How the Drafting of the Clayton Antitrust Act Helped Spread the Managerial Approach to Efficiency

AuthorSophie Agulhon,Thomas Michael Mueller
Published date01 March 2023
Date01 March 2023
Subject MatterPerspectives
Administration & Society
2023, Vol. 55(3) 591 –612
© The Author(s) 2022
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DOI: 10.1177/00953997221133488
How the Drafting of
the Clayton Antitrust
Act Helped Spread the
Managerial Approach
to Efficiency
Sophie Agulhon1 and Thomas Michael Mueller1
Managerial sciences are generally considered to be the art of efficiently
running business. Their influence, though, extends far beyond the corporate
sphere, and they play an important part in public administration and in
particular in its dialog with society at large. Here, from the viewpoint of
historical institutionalism, we document one of the earliest successful
examples of the wider application of management science: the 1914 antitrust
rules (the Clayton Antitrust and Federal Trade Commission Acts) from the
perspectives of economic scholars as technical experts, the early years of the
Wilson administration, and the spheres of business and society. The societal
debate about business and efficiency and the successive implementation of
scientific managerial ideas in the administrative sphere, saw management
science permeate the whole of American society and become an almost
irrefutable aspect of everyday life and representations, thereby enabling it
to spread well beyond the boundaries of the firm.
business regulation, management history, public debate
1Université Paris 8, Saint-Denis, France
Corresponding Author:
Thomas Michael Mueller, Université Paris 8, rue de la liberté, Saint-Denis 93526, France.
1133488AAS0010.1177/00953997221133488Administration & SocietyAgulhon and Mueller
592 Administration & Society 55(3)
During the Progressive Era, management became an international movement,
extending far beyond F. Taylor’s influence (Leonard, 2017; Wren &
Greenwood, 1998). Management became a fundamental element of American
society, opening up pathways and shaping institutions that still exist today.
Taking a historical institutionalist approach to examine how management
arose “as a result of human interactions becoming habituated or reproduced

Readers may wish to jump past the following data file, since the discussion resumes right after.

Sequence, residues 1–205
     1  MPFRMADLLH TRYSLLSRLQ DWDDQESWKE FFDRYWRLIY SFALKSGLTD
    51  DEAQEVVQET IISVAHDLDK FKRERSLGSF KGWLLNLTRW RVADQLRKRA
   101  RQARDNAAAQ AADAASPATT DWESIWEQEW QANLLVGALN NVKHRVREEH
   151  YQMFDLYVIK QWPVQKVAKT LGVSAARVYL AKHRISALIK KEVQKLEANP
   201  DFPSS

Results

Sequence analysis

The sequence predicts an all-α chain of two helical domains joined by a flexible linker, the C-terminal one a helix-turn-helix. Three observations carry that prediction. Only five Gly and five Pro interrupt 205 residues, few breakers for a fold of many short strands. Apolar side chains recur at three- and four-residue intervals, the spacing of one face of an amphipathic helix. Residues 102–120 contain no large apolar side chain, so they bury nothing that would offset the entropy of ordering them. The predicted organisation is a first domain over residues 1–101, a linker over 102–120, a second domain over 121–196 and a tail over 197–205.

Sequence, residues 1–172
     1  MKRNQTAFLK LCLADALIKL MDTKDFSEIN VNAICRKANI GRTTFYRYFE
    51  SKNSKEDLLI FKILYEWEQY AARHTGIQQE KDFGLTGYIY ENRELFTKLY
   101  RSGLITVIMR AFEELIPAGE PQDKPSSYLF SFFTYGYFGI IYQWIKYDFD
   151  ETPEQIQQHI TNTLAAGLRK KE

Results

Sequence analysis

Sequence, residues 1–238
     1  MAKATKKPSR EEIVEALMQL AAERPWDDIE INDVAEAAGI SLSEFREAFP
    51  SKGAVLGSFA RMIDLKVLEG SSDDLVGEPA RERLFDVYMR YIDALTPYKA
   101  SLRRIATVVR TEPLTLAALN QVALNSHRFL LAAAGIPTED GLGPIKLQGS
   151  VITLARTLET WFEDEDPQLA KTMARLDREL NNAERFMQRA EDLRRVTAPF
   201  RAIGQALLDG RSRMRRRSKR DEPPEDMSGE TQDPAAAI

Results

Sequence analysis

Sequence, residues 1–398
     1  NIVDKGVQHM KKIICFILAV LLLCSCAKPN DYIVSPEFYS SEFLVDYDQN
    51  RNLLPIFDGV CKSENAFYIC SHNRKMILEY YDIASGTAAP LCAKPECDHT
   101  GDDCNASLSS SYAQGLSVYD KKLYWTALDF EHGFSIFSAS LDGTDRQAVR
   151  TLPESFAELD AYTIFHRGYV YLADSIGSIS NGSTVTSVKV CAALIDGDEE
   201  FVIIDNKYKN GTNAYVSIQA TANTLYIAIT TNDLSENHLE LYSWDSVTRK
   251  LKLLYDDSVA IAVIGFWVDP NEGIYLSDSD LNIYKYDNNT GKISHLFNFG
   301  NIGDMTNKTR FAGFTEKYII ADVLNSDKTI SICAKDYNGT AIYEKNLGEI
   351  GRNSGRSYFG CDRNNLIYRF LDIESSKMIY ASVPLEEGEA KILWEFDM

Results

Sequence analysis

over time” (Suddaby et al., 2014, p. 111), we attempt to show the role of the
dialog between science, institutions, and society that enabled managerial
habits regarding efficiency to spread through American society.
As the history of management literature has highlighted, during the
Progressive Era, the cultural environment of the Industrial Revolution proved
a leading factor in the emergence of management science (Cummings et al.,
2017). Management was committed to the efficient use of societal resources
(a “gospel of efficiency” [see also Hays, 1999]) which was considered unat-
tainable with the market system. While efficiency referred to technical
advances in factories, it was also a source of inspiration at every level of
society (Le Goff, 2014). As has been highlighted, some admirers of F. Taylor
extended the “efficiency craze” (Tichi, 1987) to other organizational types.
For instance, Morris Llewellyn Cooke “advocate[ed] for better managed
municipalities” in Philadelphia (Wren & Bedeian, 2008, p. 153) and Gilman
(1913) promoted managerial techniques to emancipate women; efficiency
was also largely advocated in the administration and in conservation policies
(Haber, 1964). Taylor himself included psychological explanations of human
underperformances and was possibly more nuanced that is commonly
acknowledged concerning human factors (Raadschelders & Fry, 2023). We
attempt to show how this trend became massive, spreading from intellectual
circles throughout the whole of American society, including in business, eco-
nomics, politics and among the general public, and came to mean more than
the narrow idea of getting more for less in terms of values.
Newly released archival sources from the Library of Congress reveal
intriguing connections between Louis Brandeis, Woodrow Wilson, and Henry
Ford concerning market competition, scientific management, and the welfare
of society on the eve of World War I. Ford’s innovative role as a “maker”
stands out particularly (Wren & Greenwood, 1998) at a time when antitrust
law reform was making the headlines in domestic politics. We develop a the-
orized understanding of the historical particularities and contingencies sur-
rounding the drafting of the Clayton Act with which to identify and
conceptualize the development and expansion of a managerial approach to
efficiency. So we situate the emergence of management and its spread
throughout American society historically (Rowlinson & Hassard, 2014;
Üsdiken & Kipping, 2014).

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